ICD10-CM Documentation Training for Ambulance Providers
Professional Relations Representative - BCBSKS
Billing Director - LifeTeam
Coding and Documentation Specialist - LifeTeam
Blue Cross and Blue Shield of Kansas and LifeTeam Critical Care Ambulance Service is pleased to provide information with regard to ICD10 coding and documentation for Ambulance providers. This is your chance to get billing, admin and medical crews through the documentation training necessary to help get your claims paid and your patients taken care of in the wake of ICD10.
Questions and Answers from Live Webinar
- Do you need an ABN for going to a greater from a lesser facility?
- No. Unless you are transporting the patient at a higher level of care than is warranted i.e. a non-emergent patient that could safely be transported by ground demands to be transported by air. Then you would need an ABN for the air transport.
- REMEMBER: You only need an ABN when it is a non-emergent, Medicare covered transport where you believe all or part of the charges will be denied as not reasonable or necessary. You may choose to use an ABN in other non-emergent situations as a courtesy but it would not be required.
- Do you have to use the Medicare approved ABN form?
- Yes. Only the Medicare ABN form is acceptable and only minimal revisions are allowed. Most other forms can be developed by your service but this one is the exception. You can go the Medicare website at www.wpsmedicare.com and download the newest version in English and Spanish.
- Can the patient sign with an X if necessary?
- Yes. However, you and/or your partner would need to sign as a witness.
- What about if patient has received narcotics? Can the patient still sign?
- It depends on the level of consciousness of the patient. If they are no longer capable of signing due to narcotics causing decreased awareness then that would be a valid reason for the patient not to sign. However, if they are still alert and oriented then they may be perfectly capable of signing. Different people react differently to medications. You would need to assess their mental status before asking them to sign anything.
- Can a phone call from the DPOA suffice on a consent form?
- Only until you are able to obtain an actual signature or appropriate alternative. I would never delay care or transport to wait for a signature but before you submit the claim, I’d attempt to obtain an actual signature or appropriate alternative.
- If you attach copies of the hospital records to the run report does that help or could it be used against you?
- In most cases, the more information you have the better, especially in the case of appeals. Be aware however, that each run report MUST be able to stand on its own so you shouldn’t rely entirely on "attachments" to support things like medical necessity. Also, payers like Medicare are beginning to track diagnosis codes from beginning of transports to final disposition/discharge to verify consistency in billing and care.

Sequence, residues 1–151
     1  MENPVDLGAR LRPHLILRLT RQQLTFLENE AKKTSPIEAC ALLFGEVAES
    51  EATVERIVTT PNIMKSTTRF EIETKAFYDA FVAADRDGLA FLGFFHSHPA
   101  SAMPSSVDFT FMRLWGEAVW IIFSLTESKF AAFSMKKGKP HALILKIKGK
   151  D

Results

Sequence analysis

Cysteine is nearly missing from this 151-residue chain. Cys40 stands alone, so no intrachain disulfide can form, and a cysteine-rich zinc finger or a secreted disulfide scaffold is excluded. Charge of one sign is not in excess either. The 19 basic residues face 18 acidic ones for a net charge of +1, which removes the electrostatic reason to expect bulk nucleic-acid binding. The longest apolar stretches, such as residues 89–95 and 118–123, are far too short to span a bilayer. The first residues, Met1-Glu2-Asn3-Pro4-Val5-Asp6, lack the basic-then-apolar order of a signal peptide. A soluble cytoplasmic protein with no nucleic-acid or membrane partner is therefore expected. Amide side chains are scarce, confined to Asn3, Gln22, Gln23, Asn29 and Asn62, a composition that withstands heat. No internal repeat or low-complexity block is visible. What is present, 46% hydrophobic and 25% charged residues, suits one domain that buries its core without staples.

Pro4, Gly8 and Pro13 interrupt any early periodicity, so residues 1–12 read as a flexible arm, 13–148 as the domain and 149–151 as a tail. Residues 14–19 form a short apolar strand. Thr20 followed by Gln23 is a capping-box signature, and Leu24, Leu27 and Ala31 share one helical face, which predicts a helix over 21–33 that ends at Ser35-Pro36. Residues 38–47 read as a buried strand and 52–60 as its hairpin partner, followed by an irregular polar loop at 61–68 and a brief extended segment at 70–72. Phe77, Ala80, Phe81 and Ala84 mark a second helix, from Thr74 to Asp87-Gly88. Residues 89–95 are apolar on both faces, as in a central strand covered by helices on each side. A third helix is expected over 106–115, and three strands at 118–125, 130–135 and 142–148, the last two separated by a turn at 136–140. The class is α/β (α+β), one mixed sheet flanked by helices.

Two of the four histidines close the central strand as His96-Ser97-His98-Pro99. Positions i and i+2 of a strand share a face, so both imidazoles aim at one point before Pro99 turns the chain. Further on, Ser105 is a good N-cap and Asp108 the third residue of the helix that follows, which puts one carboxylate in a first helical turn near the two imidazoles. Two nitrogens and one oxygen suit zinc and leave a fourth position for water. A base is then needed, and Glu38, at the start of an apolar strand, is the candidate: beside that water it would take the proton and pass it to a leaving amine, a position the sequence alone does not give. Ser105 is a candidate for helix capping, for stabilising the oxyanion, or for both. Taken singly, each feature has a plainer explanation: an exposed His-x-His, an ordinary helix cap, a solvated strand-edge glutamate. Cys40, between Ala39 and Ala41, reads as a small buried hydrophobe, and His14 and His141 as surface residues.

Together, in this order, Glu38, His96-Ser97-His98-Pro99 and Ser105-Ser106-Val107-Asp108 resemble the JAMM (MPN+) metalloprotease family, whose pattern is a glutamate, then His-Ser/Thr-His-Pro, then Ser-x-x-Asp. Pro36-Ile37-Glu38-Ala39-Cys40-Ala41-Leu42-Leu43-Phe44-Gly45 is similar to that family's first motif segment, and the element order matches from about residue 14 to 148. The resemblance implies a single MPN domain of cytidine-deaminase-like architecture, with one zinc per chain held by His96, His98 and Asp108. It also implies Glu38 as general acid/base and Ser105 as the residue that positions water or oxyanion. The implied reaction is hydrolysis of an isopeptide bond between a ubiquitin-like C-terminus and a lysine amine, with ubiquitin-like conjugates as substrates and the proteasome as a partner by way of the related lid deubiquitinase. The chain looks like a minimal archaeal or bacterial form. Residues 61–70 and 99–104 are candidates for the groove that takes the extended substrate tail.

- How do we accurately reflect our times if we skew the date for loading the patient onto the unit/aircraft?
- Transports that occur close to midnight can present a problem, but your run report should always reflect accurate times. If there is an error when you enter them then you can correct them via an addendum. For billing purposes the date of transport is the date & time when the wheels turn with the patient on board. Electronic patient care reports have the capability to enter a variety of times including the time dispatched, response, arrival and depart scene or referring facility. Just be sure your billing reflects the correct date and time.
- Are the location/activity codes etc. required for every claim?
- No. Only if they apply to the specific situation.
- Does everything have to be included in the narrative or is putting it in the drop down boxes or PMHX good enough?
- You do not need to re-type everything into the narrative. However, if it is something important, I would recommend you note it in the narrative. Be aware that Medicare tends to consider drop down boxes as containing statistical data while the narrative is considered to contain the medical necessity information.
- For ALS Assessments etc. do we need to document who performed the assessment or is just listing that the ALS staff is on the call sufficient?
- You need to document who actually performed the assessment, their certification level and he/she will need to sign the run report.
- Does it have to be a paper signature or can it be an electronic signature?
- Electronic signatures are acceptable.
- What about Fixed Wing? We place an ECG monitor on all patients and there are two ALS personnel on board. How does that affect the ability to bill ALS?
- Air transport, whether fixed wing or rotor wing is billed differently than ground. There is no ALS/BLS or Emergent/Non-emergent. All air is simply billed as Fixed Wing or Rotor Wing.